When Physicians See Costs, They Act Like Consumers
"Our ABO Blood Typing test was ordered 23,000 times in six months. The complete blood count was ordered 76,000 times," Feldman says. "They dwarf how many times these expensive tests are ordered by many, many orders of magnitude."
For example, once physicians were made aware that the price of a basic metabolic panel was about $3.08 cheaper per test than the $15.44 comprehensive metabolic panel, they began to order the cheaper tests and saved more than $27,000 over six months.
It's not just about saving money, Feldman says, noting that using more discretion when ordering tests can improve quality of care.
"There is not only a monetary cost. There are downstream costs when we order tests without a specific reason that can make the ordering of that test extremely costly," he says.
"If you order testing and for some reason it turned out to be abnormal when you didn't think it would that often leads to another test and another test and another test that may in no way benefit the patient. We need to keep all of this in mind when we are ordering tests. We have a responsibility to provide the high-value cost conscious care that this country needs to afford its healthcare system."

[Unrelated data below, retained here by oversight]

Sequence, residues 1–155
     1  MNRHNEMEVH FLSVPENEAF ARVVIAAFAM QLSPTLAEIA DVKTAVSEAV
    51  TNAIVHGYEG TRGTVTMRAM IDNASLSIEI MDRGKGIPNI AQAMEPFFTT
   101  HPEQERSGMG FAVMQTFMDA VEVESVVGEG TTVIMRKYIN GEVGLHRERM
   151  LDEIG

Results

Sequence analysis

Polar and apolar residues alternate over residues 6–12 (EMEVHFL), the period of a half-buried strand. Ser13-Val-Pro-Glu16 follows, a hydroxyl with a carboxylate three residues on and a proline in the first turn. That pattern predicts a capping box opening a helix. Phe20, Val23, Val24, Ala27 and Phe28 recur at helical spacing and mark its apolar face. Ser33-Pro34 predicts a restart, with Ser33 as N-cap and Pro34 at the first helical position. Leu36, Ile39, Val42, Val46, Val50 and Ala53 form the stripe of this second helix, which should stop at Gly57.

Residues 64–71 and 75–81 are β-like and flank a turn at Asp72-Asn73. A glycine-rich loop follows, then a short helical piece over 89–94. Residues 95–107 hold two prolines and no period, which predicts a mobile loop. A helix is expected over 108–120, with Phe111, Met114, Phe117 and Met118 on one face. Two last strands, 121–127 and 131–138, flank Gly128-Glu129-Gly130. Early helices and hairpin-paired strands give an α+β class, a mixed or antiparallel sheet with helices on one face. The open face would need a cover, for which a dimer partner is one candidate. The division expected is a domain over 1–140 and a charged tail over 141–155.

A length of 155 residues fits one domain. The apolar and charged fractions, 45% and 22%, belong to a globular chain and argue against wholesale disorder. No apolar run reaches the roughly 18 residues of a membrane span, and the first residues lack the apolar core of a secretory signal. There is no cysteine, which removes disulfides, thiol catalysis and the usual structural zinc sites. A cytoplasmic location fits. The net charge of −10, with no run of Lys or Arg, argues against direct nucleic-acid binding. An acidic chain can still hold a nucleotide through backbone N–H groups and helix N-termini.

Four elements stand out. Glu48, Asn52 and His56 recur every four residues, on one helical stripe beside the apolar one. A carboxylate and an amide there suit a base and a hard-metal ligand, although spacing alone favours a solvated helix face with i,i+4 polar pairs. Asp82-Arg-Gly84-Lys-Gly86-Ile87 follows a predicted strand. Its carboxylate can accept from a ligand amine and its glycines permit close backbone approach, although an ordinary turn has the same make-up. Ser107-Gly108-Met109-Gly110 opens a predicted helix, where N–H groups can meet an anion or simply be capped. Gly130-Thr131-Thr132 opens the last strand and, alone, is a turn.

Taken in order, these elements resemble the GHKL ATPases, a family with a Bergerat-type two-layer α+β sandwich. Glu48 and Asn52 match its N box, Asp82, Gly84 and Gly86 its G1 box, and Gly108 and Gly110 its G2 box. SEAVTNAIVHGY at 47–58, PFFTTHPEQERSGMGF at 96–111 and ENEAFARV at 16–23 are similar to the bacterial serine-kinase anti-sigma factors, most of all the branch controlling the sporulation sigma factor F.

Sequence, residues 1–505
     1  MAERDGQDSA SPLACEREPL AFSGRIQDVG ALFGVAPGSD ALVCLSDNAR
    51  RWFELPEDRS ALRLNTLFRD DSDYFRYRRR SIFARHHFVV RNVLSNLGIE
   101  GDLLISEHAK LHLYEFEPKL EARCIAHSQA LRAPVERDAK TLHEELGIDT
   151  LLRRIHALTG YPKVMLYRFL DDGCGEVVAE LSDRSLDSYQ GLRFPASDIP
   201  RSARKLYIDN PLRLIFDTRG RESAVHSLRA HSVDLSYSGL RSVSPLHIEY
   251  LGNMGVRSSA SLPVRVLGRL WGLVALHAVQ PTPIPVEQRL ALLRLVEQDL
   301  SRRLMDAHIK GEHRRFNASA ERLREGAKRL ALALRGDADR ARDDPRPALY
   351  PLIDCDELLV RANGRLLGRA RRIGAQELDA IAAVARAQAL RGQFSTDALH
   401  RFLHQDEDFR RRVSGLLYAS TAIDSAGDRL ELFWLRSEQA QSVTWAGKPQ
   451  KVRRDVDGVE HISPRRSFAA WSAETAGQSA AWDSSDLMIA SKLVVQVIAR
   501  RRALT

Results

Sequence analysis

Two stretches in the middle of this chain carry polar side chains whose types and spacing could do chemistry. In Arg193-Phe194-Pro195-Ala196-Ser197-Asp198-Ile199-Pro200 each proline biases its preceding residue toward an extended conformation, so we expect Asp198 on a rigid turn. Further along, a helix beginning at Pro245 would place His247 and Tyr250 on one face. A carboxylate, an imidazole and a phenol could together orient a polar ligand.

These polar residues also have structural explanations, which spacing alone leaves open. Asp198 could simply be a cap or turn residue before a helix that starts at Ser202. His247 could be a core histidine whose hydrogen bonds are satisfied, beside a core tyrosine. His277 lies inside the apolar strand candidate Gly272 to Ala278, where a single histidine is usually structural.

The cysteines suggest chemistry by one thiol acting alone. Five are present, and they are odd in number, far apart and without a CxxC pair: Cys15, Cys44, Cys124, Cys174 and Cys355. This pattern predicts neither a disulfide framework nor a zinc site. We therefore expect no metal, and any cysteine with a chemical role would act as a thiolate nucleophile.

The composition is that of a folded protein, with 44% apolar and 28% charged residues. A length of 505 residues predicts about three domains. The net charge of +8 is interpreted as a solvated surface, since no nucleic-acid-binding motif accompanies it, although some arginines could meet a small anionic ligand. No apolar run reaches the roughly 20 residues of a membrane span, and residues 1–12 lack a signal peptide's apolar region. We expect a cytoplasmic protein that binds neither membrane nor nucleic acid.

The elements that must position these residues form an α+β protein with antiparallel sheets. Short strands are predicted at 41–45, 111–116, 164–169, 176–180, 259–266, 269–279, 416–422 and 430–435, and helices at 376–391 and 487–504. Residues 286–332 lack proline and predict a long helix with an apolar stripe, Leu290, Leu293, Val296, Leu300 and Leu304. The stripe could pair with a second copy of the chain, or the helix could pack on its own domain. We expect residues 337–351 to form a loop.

Feldman concedes that there will be times when ordering several diagnostic blood tests at the same time is appropriate, even if some of the tests are later shown to be unnecessary, because it's less expensive to get a quicker diagnosis than it is to have patients run up hospital bills while waiting for answers.
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